During the 2020 Democratic primaries, Sen. Elizabeth Warren (D., Mass.) was unrelenting on her demand that Pete Buttigieg reveal who his clients were when he worked for consulting giant McKinsey & Company. Beating the drum that people need "to know about possible conflicts of interest," Warren persuaded her political rival to release his client list just as he moved to the top of the Iowa polls.
Warren's dedication to digging into former work at McKinsey appears, however, to have ended with the close of her political spat with Buttigieg. On Tuesday morning, neither Warren nor any of her colleagues on the Senate Banking Committee raised questions about Biden nominee Rohit Chopra's past work for McKinsey as they evaluated his qualifications to lead the Consumer Financial Protection Bureau (CFPB).
Warren is far from a rival of Chopra, who worked with Warren to establish the CFPB and has been described as one of her "acolytes." Before his work for the consumer protection agency, though, he was a consultant for McKinsey, where according to the Washington Post he worked on financial issues, including student debt and consumer credit markets. His LinkedIn page says his work at McKinsey was on financial services and technology. His financial disclosure forms make no mention of his McKinsey work or any of his clients.
Warren did not respond to requests for comment on her lack of interest in Chopra's McKinsey work. She praised Chopra during the Tuesday morning hearing, saying, "I have no doubt that you are the right person to lead the bureau at this moment."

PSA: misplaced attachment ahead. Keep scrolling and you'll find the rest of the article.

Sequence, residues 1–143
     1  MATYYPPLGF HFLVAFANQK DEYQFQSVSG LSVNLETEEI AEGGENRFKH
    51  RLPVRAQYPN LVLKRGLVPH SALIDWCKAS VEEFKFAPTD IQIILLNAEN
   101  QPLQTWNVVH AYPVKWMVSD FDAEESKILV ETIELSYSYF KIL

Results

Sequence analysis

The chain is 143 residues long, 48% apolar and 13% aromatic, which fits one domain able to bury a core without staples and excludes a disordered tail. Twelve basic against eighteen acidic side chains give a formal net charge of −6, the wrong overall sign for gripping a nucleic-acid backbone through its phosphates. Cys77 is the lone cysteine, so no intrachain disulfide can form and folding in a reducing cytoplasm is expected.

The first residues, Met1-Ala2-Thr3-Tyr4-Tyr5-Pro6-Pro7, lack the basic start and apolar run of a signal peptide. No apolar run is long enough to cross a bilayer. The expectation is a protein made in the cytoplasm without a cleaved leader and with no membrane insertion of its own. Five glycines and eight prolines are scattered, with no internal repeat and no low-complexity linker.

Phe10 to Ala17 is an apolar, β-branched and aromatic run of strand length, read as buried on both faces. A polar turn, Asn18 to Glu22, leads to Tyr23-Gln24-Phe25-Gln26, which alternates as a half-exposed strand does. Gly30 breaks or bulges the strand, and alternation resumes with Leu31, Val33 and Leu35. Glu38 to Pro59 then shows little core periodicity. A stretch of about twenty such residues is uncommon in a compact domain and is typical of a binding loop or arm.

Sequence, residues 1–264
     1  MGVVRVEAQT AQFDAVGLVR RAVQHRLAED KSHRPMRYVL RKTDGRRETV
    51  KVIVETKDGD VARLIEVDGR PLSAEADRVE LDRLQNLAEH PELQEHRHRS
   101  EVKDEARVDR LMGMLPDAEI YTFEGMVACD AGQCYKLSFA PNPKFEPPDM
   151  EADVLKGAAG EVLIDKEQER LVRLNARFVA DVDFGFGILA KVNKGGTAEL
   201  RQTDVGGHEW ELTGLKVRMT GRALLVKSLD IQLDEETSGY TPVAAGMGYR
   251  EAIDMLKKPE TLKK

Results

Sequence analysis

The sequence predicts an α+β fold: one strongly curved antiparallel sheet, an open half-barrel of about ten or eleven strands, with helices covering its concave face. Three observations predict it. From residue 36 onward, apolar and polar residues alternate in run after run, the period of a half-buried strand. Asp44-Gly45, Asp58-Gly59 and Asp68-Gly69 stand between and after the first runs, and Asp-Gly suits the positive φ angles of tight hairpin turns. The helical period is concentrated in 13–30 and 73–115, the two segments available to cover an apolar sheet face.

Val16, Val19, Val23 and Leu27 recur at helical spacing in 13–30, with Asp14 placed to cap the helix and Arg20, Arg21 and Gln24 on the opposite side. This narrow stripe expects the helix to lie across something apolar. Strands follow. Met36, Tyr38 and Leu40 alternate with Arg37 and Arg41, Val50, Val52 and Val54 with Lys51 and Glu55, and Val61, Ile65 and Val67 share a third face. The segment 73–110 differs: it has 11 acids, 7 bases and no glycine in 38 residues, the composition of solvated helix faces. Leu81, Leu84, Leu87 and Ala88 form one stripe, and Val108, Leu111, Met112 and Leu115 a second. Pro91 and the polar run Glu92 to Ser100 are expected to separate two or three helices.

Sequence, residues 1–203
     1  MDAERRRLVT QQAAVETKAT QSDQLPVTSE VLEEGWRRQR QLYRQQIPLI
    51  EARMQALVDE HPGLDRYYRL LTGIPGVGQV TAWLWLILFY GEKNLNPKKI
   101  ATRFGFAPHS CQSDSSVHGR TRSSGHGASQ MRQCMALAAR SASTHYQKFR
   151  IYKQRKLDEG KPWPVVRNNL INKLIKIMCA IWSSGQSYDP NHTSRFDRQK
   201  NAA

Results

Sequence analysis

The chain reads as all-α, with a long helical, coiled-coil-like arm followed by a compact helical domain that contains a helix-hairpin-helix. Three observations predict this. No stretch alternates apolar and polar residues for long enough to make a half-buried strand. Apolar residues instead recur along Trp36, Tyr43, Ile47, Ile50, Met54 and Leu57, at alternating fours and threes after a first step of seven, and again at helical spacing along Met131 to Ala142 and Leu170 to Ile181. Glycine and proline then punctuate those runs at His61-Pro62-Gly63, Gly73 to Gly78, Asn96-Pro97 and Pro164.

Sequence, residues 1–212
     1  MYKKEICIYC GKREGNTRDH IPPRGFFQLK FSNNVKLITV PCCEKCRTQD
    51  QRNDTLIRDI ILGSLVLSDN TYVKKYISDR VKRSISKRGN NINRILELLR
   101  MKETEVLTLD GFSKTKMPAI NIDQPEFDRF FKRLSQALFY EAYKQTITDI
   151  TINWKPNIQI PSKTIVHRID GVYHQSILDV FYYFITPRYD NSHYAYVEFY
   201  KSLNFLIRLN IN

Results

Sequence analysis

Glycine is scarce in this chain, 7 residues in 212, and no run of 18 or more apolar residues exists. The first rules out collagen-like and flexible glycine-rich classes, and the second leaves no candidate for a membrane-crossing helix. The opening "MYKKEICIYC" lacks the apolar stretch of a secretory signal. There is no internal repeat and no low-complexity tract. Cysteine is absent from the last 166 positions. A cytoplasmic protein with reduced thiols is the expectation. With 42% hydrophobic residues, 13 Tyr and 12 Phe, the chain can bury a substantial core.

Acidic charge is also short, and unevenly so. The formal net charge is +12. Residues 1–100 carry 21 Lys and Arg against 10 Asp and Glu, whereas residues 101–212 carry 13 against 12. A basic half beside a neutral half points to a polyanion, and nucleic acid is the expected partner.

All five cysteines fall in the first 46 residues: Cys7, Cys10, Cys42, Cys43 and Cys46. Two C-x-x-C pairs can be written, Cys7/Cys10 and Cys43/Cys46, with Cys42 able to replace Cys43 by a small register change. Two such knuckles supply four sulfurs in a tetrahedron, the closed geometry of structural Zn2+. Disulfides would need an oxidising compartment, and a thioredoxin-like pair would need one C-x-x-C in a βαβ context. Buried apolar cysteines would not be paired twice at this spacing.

During his first stint at the CFPB, Chopra was hired by Warren herself to work as its student loan ombudsman. In the years since, Warren has taken keen interest in advancing his political career. In 2015 she praised Chopra, at the time still working at CFPB, as "smart as a whip, independent, hard-working, and loaded with integrity," and recommended him to head New York's powerful department of financial services.
Chopra was not nominated for the position, instead moving on to a short stint in the Obama administration's Department of Education. He has since worked as a senior fellow at Neera Tanden's Center for American Progress, on Hillary Clinton's ultimately unnecessary 2016 transition team, and for the past three years as a Democratic commissioner at the Federal Trade Commission.
Republicans have homed in on Chopra's ties to Warren, characterizing the pair as two ideological peas in a pod. Rep. Patrick McHenry (R., N.C.), the House Financial Services Committee's top Republican, said Chopra’s nomination "will make Elizabeth Warren very happy" and called the decision "proof that the Biden team is pandering to members of the far-left who want to weaponize the CFPB to go after financial services companies they simply don't like."
Neither the White House nor Chopra responded to requests for comment about his client list at McKinsey.